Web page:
Knife Sharpening Guide

How-to

Sharpening

Depending how much you cook you may need to have your knives professionally sharpened two to four times a year, but keep in mind that with each professional sharpening a small fragment of the blade is trimmed off.

Many sharpening services who do not specialise in kitchen knives remove far too much steel and severely reduce the life of the knife. Furthermore the correct sharpening angle of the knife edge must be precise (otherwise future honing of the knife edge will simply blunt the knife edge) and the sharpening equipment must ensure the knife blade does not overheat (which will reduce the tempered hardness of the blade). These are mistakes caused by amateurs and unskilled knife sharpening services.

It is essential that your precious knives are sharpened by an expert.

In between professional sharpening it is crucial to maintain the sharpness of your blades by honing the knife edge with a sharpening steel. Have you noticed when at your local butchers shop that they hone their knives before each use? This is because a butcher understands the importance of maintaining the edge of their knife blade.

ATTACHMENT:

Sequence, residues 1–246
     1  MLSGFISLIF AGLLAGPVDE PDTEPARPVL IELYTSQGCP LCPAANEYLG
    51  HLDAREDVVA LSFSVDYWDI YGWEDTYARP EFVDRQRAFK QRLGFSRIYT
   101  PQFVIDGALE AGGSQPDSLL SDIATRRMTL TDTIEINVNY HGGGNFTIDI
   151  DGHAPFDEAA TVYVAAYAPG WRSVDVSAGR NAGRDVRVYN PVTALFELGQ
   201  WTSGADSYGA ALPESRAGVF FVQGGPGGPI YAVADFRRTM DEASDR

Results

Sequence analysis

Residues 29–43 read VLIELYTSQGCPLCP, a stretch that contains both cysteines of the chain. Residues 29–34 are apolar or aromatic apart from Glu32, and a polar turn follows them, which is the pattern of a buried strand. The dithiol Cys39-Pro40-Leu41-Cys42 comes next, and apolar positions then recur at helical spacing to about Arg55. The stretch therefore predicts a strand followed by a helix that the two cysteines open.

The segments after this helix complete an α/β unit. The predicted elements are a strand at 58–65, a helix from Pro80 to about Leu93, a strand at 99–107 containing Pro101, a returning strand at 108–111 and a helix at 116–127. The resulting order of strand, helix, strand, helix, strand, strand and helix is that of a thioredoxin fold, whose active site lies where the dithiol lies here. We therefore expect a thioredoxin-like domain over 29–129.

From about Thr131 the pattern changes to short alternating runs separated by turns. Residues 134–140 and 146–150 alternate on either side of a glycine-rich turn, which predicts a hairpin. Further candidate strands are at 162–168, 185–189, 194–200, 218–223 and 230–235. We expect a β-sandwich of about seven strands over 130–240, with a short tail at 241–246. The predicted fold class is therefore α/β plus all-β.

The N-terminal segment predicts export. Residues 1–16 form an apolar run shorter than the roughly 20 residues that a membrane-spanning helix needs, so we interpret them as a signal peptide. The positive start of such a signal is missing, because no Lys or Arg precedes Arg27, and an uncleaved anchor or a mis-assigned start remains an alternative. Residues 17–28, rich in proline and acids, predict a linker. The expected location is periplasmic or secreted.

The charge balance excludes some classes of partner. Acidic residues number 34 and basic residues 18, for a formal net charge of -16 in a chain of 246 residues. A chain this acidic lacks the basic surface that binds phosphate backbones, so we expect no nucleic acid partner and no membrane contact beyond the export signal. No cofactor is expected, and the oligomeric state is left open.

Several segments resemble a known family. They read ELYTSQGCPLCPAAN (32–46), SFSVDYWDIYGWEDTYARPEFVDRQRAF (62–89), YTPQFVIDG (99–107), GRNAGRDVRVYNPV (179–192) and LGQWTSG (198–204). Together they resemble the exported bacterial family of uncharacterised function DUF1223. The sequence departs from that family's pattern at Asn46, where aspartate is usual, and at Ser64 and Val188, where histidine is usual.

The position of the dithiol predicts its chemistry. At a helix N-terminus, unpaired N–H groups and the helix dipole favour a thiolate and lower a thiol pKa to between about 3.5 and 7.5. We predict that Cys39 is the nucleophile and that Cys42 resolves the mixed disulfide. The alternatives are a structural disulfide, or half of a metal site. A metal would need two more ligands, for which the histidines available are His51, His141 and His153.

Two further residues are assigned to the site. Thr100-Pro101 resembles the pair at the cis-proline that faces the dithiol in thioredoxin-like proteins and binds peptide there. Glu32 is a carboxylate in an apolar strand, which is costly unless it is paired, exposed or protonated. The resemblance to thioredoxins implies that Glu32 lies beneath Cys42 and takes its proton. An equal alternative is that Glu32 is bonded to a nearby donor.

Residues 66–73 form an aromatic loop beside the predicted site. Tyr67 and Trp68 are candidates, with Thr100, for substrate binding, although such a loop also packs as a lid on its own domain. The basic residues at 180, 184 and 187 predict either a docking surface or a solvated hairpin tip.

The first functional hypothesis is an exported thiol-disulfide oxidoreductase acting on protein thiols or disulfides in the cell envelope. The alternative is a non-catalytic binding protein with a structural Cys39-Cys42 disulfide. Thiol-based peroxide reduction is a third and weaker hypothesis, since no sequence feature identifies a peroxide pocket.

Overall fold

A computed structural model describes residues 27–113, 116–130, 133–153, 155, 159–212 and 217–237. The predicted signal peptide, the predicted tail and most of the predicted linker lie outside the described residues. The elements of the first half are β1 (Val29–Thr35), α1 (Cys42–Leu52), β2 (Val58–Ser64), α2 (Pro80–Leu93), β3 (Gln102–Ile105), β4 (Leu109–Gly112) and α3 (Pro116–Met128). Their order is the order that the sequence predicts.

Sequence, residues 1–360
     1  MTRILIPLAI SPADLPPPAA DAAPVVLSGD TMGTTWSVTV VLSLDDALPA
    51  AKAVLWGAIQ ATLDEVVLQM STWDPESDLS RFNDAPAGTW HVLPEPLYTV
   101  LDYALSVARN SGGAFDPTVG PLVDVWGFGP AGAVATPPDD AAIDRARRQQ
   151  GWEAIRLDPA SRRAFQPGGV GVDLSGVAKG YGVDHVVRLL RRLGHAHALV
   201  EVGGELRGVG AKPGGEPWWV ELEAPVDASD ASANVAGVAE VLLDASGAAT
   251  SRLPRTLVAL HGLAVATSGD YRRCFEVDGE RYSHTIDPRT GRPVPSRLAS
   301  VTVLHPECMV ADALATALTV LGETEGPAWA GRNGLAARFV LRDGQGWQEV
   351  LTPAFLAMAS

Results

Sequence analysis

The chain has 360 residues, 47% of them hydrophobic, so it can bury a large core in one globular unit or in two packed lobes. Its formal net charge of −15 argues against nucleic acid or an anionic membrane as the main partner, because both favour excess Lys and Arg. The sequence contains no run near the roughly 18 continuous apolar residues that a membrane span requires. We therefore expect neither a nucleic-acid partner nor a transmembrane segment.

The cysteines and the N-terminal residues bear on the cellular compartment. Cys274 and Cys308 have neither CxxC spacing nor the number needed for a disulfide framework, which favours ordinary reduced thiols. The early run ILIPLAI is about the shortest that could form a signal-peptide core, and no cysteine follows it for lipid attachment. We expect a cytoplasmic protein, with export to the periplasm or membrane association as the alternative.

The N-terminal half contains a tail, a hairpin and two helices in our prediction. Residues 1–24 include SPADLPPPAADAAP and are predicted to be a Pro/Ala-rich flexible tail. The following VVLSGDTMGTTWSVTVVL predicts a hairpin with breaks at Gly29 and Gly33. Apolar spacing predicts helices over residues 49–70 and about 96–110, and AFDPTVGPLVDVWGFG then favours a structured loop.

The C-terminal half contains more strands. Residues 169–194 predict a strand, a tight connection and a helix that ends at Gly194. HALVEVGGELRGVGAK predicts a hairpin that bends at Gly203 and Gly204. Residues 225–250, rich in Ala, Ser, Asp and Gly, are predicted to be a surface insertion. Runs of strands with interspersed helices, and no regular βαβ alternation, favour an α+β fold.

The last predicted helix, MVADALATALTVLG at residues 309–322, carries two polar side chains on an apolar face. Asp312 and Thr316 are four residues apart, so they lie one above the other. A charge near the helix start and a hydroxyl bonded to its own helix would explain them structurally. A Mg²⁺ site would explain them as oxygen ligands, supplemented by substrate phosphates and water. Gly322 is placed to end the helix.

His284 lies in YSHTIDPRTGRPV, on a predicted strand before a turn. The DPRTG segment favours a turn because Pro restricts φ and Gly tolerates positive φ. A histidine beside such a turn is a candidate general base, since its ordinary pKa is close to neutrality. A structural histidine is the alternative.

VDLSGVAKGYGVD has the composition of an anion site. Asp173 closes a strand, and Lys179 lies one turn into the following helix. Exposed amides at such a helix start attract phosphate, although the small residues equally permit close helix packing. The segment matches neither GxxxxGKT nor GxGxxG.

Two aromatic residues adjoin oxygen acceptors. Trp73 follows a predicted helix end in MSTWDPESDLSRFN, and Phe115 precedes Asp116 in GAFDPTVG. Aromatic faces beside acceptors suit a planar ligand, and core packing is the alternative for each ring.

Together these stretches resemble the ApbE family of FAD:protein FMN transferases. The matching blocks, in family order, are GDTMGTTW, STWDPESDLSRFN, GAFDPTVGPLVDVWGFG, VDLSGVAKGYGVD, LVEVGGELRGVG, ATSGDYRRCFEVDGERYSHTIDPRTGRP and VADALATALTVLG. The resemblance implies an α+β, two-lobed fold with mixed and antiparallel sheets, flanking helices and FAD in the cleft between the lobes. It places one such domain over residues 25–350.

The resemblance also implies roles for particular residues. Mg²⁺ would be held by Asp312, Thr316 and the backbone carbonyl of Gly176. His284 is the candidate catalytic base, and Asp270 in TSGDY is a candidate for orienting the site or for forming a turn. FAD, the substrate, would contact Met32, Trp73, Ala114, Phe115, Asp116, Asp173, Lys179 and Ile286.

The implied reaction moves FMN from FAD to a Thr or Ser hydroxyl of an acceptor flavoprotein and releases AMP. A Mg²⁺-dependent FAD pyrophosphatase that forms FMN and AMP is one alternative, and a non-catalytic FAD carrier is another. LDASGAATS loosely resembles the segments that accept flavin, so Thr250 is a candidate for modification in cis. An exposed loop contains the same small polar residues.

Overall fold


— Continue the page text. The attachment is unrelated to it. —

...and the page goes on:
Note that honing a knife edge is very different to sharpening, and an important part of maintaining a professional knife. You will be amazed at how a few quick swipes on a sharpening steel every three to five times you cook can return a razor sharp blade. If you have never honed a knife using a sharpening steel, follow our sharpening guide and take your time. Before too long the skill and its importance will become second nature.

For more information about knife sharpening or to view our range of sharpening steels please speak to a Club Chef sales representative.

We recommend our Club Chef 25cm Sharpening Steel ($23.90) for most honing requirements.

Follow the guide below or download the guide.

Honing the knife

Step 1

Hold the sharpening steel in a near vertical position with the point resting on a flat non-slippery surface. Angle the knife blade so that it is approximately 20 degrees from the steel.

Step 2

Start with the heel of the knife against one side of the steel. Maintain light pressure and draw the knife down the entire length of the steel.

Step 3

Continue in a smooth motion. Listen for a light ringing sound – a heavery grinding sound indicates too much pressure is being applied.

Step 4

Finish by drawing the knife toward you, all the way through the tip.

Step 5

Repeat on the other side of the steel. Repeat steps 2-5 three to five times, ensuring that you change the side of the blade with each pass. When complete, wipe the knife with a clean cloth to remove any steel particles.